Without knowing how they laid up the hull, it is difficult to say. You say the inside looks smooth, and you can't see ( I assume) the outline of those external strakes, from the inside. Does the inside "flat" surface show a pattern of a coarse woven fabric ? That might indicate the strakes "hollow" was filled, after initial glassing with non-woven material, so that the woven material could be laid in, without the problem of trying to get it conform to the depressions. Even if that is the case, and the best case for what you are contemplating, it would still be a mild form of vandalism, and weakening the hull, to grind off the strakes. I would not do it. Whilst those strakes do provide some lift, it is not likely to make a drastic difference. As I say, the first remedy I would attempt, is greater out-trim of your motor.

    Wetness of planing boats is largely a function of the shape of the forefoot area. and the less "rake" to it, the wetter they are. It is hard to gauge from the picture provided, but it does appear they have attempted to get a fairly deep foot, and that is heading in the direction of "wet". I think you are stuck with the problem, if out-trim is not effective. If you want to maximise "cut" in choppy water, and want to remain dry, it is really a matter of operating at cross purposes. I really am a big fan of the cutaway forefoot, on balance it makes the better boat, drier, broach-free, and still rides well if there is sufficient deadrise under the mid-body.
     
  8. kapnD
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    kapnD Senior Member

    I’d like to see a picture of the hull from the transom.
    It looks like the chine may be morphed into a broad skeg-like appendage at the stern chine?
     
  9. Mr Efficiency
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    Mr Efficiency Senior Member

    I see what you are talking about kapnD, or it could be a "reverse" chine, and that would increase stern lift. Doing an image search, it appears to be a 7 metre "Tornado" rigid inflatable boat. Might be a better view of one on the web.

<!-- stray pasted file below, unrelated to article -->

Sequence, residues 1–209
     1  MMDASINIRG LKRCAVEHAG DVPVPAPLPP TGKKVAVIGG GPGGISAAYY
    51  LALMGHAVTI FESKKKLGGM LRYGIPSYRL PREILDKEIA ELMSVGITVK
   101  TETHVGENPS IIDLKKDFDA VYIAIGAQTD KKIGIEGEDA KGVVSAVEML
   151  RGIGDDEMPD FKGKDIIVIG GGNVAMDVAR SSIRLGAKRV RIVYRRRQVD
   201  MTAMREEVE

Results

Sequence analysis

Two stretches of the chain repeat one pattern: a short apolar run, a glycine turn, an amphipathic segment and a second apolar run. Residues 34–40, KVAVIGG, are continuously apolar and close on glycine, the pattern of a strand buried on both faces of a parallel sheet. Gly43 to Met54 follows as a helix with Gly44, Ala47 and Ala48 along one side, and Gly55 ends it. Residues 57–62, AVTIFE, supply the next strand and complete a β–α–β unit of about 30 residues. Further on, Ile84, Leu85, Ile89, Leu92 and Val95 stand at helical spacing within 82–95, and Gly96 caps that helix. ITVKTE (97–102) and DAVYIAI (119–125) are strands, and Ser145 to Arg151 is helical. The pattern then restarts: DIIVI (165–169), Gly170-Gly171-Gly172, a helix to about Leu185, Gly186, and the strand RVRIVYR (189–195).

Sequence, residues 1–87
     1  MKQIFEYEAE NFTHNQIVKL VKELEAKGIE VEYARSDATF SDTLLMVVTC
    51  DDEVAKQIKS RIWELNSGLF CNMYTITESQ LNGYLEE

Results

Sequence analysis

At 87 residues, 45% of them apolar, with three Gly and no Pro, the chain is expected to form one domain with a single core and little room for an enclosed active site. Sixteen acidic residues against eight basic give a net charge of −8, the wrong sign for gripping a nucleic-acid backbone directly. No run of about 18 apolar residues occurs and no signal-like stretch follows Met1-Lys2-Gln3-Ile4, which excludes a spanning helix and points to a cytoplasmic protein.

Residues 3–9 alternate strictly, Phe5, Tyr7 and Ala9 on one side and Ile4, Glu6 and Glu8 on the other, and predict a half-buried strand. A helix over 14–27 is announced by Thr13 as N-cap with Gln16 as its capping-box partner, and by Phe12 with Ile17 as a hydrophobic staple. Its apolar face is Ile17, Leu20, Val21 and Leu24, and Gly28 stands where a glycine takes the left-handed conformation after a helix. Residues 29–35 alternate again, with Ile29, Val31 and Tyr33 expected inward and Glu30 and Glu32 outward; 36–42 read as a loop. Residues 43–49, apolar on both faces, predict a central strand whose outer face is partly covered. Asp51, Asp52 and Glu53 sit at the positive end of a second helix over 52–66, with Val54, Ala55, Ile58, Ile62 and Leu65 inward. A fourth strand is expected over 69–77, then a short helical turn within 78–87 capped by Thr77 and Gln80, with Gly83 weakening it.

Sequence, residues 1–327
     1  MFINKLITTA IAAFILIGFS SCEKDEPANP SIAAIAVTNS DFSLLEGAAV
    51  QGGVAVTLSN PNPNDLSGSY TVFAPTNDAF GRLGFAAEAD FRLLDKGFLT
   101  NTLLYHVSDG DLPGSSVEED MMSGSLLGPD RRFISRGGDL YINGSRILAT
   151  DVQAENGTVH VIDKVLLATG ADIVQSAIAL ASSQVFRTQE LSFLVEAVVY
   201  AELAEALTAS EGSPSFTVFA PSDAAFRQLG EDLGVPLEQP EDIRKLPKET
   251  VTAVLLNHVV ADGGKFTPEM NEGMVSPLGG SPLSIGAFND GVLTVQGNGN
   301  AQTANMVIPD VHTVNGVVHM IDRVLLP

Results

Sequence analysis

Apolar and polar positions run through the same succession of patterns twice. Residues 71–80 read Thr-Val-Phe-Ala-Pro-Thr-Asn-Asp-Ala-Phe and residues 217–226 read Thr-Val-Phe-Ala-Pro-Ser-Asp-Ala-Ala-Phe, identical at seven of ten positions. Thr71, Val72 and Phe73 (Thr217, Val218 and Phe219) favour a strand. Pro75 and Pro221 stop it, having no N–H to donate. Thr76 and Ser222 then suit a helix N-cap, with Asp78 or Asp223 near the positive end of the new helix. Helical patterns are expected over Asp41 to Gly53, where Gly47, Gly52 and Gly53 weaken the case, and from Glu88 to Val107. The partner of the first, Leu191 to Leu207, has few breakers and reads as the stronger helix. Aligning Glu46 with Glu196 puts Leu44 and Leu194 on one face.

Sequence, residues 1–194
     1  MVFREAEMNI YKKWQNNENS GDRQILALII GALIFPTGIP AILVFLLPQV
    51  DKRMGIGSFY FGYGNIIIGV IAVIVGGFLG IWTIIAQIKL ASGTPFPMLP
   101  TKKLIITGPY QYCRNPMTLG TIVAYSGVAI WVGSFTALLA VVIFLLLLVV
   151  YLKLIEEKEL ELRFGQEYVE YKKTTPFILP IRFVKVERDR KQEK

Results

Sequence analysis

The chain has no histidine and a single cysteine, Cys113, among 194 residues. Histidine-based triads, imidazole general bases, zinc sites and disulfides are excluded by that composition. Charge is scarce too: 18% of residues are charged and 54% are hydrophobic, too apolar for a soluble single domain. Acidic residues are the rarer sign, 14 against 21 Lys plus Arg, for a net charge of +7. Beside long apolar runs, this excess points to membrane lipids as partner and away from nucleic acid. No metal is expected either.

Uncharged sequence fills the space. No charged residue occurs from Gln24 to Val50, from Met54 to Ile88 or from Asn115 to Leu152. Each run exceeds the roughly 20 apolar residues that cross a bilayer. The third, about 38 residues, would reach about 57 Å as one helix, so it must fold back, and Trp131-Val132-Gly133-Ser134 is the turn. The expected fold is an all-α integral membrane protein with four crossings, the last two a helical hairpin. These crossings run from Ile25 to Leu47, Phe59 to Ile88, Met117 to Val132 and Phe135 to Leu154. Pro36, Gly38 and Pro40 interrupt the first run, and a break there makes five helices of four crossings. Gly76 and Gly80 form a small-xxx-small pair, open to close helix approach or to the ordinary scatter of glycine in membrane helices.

10. kapnD
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    kapnD Senior Member

    The website doesn’t talk about hull design, or even characteristics, and shows several different hull designs on their ribs.
    The one relevant photo has the section in question hidden by the landing gear, but does show a particularly steep vee.
    The OP needs to step up with more info if he’s interested in helpful feedback.
    235E4F0B-6914-490B-9551-53B31D770EDE.jpeg
     
  11. Ribber
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    Ribber New Member

    The specific model is the 8.5 Multi-Purpose. Here's a better example of what the hull looks like.

    [​IMG]

    There are no major chines on the sides but quite distinct strakes which protrude and run the entire length of the hull. Right now I'm not so interested in if the modification is possible in terms of plastic modification and construction, I'll probably discuss that with someone with a lot of fiberglass experience if it comes to that.

    I'm mostly wondering if you guys think this kind of design with the strakes running the entire length of the boat was a bad idea from the manufacturer to begin with... and if there could be gains in terms of rough-water handling and speed/economy by removing a part of the "always" submerged strakes at the rear. I hope that makes sense.

    We're going to sand down and epoxy the entire hull over the winter anyway, the question is just if we should attempt to modify it the same time and if it could be worthwhile :)
     
  12. gonzo